As shown in FIG. 10, as there is only one bit combination which follows the 1111 bit combination, there is only one record and therefore the next hop information for the corresponding listed prefix, that is, the listed prefix in row 10 of the table is appended to the bottom of the next hop array 72 to form a tenth position of that array as shown in FIG. 13.

As shown in FIG. 14 a fifth next hop pointer 98 is associated with the fifth PNBA 96 to indicate the position of the next hop array 72 at which next hop information for the first listed prefix encoded by the fifth PNBA 96 is stored.

The fifth PNBA 96 may also have associated with it a fifth ESRBA 100, although in this example this ESRBA will have all zeros, i.e. 0000, since there are no further bits following the bit combination 11111.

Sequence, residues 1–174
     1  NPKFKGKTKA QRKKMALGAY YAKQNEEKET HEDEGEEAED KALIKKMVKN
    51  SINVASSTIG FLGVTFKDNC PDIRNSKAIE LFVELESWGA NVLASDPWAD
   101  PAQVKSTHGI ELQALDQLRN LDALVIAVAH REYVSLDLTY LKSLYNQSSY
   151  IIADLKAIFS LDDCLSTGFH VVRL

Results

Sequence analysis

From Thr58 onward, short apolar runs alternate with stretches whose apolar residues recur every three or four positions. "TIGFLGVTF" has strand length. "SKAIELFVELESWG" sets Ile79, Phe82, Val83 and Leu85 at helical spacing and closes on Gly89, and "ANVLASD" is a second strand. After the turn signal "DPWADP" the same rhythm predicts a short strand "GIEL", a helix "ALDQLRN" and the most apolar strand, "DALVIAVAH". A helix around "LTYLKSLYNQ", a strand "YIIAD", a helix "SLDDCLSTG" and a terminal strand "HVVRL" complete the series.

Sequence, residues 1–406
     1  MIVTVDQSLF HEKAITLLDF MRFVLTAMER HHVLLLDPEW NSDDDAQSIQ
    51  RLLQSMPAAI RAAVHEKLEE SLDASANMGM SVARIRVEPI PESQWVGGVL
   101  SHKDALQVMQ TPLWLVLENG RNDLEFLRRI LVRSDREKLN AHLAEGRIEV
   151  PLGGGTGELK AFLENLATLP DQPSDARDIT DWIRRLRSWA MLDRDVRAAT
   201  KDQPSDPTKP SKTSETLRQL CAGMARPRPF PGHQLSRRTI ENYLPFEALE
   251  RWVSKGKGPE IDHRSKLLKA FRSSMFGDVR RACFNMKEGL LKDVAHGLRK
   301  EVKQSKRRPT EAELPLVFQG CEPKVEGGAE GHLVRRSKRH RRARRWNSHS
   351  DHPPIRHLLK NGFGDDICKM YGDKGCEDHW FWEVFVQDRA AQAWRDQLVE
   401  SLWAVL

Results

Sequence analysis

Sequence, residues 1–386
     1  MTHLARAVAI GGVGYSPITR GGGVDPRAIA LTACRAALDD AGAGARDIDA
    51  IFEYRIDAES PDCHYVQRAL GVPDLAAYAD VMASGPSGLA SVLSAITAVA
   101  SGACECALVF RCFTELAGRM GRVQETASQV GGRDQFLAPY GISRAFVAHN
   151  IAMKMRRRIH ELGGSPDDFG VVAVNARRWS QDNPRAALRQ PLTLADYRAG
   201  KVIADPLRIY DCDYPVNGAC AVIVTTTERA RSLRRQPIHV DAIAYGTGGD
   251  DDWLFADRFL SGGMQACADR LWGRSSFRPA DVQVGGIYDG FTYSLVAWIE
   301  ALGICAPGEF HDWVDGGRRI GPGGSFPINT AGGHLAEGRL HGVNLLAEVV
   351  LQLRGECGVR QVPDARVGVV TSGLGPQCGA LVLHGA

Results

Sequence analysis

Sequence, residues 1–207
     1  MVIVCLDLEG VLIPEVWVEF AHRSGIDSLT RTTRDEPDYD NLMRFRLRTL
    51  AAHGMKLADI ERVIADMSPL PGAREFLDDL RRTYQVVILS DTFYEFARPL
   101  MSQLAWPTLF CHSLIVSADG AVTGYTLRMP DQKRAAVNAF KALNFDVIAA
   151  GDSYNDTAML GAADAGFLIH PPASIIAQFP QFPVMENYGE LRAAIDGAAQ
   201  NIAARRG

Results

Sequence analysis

As shown in FIG. 14, the first through fifth PNBAs and their associated ESRBAs and next hop pointers are best arranged into a search key 102 comprising first, second, third, fourth and fifth pages 102, 104, 106, 108 and 110 with directions for a second routing program to determine which page to address if further searching can be performed after a page has been considered. In general, any page having a non-zero ESRBA must have a next page pointer for this purpose. Thus the first page 103 has a next page pointer 111 pointing to the second page 104 to direct the routing program to the second page if further searching can be done after considering page one. The second and third pages, 104 and 106 each have no next page pointers as they already fully encode all listed bit combinations after their respective sub-prefixes 00 and 01. The fourth page 108 has a next page pointer 113 pointing to the fifth page, since the fourth page has a fourth ESRBA 94 indicating that more bits follow after the bit combination 1111 and since the fifth page represents the encoding of such bits under this bit combination. The fifth page has no next page pointer as the fifth PNBA on the fifth page fully encodes all listed prefixes after the bit combination 1111.